100%

Scanned image of the page. Keyboard directions: use + to zoom in, - to zoom out, arrow keys to pan inside the viewer.

Page Options

Download this Issue

Share

Something wrong?

Something wrong with this page? Report problem.

Rights / Permissions

This collection, digitized in collaboration with the Michigan Daily and the Board for Student Publications, contains materials that are protected by copyright law. Access to these materials is provided for non-profit educational and research purposes. If you use an item from this collection, it is your responsibility to consider the work's copyright status and obtain any required permission.

September 21, 1954 - Image 23

Resource type:
Text
Publication:
Michigan Daily, 1954-09-21

Disclaimer: Computer generated plain text may have errors. Read more about this.


TUESDAY, SEPTEMBER 21, 1954

THE MICHIGAN DAILY

PAGE TWENTY-TTMEE

e 'U Buildings, Facilities Rising (

)uickly

ADOLESCENTS AND YOUNGER CHILDREN NEEDING MENTAL CARE WILL BE ATTENDED SEPARATELY IN THE NEW
CHILDREN'S PSYCHIATRIC HOSPITAL

DAILY
PHOTO
FEATU RE
Pictures by
DEAN MORTON
Story by
JANE HOWARD

With huge hammers pounding
deafeningly onto solid steel and
hundreds of workmen climbing
scaffolds to precarious heights, the
University begins the fall semester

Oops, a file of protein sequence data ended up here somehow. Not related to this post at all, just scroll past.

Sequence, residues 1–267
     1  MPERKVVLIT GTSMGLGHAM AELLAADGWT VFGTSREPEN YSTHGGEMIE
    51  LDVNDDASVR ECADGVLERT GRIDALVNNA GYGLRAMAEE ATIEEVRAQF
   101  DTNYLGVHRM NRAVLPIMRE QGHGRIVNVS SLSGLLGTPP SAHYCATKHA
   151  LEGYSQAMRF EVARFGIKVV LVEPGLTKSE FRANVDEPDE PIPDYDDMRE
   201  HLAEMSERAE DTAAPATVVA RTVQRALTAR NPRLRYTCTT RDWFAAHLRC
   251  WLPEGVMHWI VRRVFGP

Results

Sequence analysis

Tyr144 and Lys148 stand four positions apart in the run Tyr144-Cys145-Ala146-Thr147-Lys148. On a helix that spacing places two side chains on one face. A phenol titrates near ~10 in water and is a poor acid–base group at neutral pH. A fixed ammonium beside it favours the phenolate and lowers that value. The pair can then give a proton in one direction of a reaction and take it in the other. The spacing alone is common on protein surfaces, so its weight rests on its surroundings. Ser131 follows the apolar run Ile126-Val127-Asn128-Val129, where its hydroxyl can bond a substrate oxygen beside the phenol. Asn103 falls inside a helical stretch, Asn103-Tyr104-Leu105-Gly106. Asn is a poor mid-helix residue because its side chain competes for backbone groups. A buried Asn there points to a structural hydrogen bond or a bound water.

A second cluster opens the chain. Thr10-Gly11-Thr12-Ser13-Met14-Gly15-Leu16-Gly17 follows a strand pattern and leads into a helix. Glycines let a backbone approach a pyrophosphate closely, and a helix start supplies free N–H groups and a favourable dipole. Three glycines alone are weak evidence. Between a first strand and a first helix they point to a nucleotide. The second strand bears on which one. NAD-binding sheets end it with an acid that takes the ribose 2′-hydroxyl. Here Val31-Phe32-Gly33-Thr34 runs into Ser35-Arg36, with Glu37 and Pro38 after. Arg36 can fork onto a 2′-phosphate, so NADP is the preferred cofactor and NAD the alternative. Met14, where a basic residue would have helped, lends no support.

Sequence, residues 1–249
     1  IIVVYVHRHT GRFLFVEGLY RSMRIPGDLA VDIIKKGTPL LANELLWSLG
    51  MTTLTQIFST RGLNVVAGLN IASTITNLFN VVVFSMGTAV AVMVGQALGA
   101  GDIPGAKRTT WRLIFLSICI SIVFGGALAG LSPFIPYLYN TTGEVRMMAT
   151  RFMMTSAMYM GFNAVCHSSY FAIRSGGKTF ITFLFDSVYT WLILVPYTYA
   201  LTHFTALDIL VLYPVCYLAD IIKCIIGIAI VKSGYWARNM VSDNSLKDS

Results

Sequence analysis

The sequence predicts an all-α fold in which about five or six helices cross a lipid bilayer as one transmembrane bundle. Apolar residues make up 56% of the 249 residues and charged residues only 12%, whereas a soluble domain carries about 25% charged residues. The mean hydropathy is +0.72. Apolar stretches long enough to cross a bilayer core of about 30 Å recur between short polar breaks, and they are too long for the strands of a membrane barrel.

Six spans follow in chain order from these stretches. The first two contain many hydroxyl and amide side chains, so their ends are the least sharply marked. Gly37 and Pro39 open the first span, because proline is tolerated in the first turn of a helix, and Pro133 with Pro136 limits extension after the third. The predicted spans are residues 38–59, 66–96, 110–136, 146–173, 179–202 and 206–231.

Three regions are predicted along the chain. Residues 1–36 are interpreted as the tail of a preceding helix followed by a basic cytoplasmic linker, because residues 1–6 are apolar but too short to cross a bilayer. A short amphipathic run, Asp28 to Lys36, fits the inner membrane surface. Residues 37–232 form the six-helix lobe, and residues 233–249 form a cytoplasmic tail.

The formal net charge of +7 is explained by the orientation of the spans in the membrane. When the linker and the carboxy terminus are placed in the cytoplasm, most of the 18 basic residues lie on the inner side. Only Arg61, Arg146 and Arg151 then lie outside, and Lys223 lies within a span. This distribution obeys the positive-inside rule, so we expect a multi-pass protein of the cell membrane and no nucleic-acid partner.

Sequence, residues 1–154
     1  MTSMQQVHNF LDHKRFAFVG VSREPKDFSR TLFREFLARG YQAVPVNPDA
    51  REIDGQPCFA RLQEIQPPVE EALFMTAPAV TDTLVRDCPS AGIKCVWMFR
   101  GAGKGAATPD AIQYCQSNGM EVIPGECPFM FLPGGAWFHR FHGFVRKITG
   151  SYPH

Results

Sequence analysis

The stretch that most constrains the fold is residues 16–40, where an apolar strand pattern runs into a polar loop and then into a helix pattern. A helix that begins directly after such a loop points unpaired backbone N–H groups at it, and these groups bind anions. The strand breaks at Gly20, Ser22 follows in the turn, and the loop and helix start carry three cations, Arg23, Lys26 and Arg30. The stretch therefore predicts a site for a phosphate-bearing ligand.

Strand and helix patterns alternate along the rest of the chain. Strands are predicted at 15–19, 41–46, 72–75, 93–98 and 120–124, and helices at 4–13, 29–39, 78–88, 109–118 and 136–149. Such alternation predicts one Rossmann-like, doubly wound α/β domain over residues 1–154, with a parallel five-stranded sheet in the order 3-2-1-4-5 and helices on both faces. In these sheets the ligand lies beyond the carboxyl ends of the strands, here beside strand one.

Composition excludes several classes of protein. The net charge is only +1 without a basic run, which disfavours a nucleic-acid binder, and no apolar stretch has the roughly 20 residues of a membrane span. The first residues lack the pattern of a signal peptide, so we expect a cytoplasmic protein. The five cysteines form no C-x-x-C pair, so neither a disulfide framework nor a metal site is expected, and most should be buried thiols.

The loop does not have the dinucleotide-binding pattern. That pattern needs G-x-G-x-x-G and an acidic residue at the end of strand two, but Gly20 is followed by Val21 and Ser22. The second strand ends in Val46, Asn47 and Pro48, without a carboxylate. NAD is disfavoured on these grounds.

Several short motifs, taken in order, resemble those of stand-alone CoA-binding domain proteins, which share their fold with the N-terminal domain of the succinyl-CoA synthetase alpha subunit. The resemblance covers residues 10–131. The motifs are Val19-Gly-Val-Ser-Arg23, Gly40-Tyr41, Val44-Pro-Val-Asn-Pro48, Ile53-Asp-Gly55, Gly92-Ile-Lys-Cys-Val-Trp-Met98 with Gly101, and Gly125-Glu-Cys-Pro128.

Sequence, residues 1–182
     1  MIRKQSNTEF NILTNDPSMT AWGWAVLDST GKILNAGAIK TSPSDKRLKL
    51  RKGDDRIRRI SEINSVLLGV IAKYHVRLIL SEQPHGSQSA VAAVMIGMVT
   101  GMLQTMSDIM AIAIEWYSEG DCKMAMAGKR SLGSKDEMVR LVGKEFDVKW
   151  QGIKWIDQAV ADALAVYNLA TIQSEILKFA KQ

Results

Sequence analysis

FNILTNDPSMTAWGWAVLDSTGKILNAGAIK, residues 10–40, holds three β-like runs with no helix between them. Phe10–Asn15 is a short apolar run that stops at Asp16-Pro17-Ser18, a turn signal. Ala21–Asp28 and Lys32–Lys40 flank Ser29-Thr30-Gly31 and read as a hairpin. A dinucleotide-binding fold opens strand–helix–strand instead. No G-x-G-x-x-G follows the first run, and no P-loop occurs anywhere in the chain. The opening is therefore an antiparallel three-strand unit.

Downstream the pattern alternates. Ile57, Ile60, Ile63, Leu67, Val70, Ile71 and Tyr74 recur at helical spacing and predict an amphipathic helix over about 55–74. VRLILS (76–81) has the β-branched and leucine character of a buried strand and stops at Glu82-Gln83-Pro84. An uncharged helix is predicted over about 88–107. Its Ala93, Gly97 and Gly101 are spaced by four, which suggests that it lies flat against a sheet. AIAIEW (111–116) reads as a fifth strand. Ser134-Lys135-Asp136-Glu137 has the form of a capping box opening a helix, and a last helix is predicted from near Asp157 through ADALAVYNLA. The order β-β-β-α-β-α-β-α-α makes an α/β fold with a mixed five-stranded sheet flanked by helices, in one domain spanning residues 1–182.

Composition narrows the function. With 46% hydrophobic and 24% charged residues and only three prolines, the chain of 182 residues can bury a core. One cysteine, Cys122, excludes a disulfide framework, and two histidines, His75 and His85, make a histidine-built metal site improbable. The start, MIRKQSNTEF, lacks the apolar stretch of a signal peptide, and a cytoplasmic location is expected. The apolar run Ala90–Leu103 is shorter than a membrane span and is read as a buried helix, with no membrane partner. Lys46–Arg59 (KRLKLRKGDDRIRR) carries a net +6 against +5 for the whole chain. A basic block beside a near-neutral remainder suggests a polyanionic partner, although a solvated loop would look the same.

with well over $3 million worth of
new building projects under con-
struction.
Much of the activity centers on
the new North Campus area, one
mile north of Ann Arbor across the
Huron River. There the Cooley Me-
morial Laboratory, completed last
spring and currently the only struc-
ture being used on the new cam-
pus, is quickly being surrounded by
other projects.

Directly to the west of the Coo-
ley Bldg. is the Phoenix Memorial
Laboratory, a $1,041,000 structure
financed by the Michigan Memo-
rial Phoenix Project and planned
to provide research facilities for
the peaceful uses of atomic energy.
Radioactive Research
Now in early stages, the Phoenix
Laboratory will be completed next
summer. Prof. Henry J. Gomberg
of the physics department, Phoenix
Project assistant director, termed
the laboratory a "research center
for faculty, graduate students and
outside industries, where radioac-
tive materials can be handled in

large quantities under safe condi-
tions."
Equipment in the laboratory,
Prof. Gomberg pointed out, will be
as versatile as possible, with facili-
ties planned for both physical and
biological sciences.
Atomic Caves
Of the Phoenix Laboratory's
many complex and unque features,
Prof. Gomberg considers its two
underground atomic caves the
most symbolic of the project itself.
Shielded by solid steel doors weigh-
ing 18 tons each, the caves will al-
low for use and storage of great
amounts of radioactivity.
Experiments in the caves will
be carried out by remote control,
with a set of manipulators inside
the room to duplicate the motions
of external hands.
Phoenix Project work will be
complete with the addition, in more
than a year, of a nuclear reactor
wing to the laboratory. Studies of
radiation will center around the re-
actor, which will provide a high-
level source of radiation and many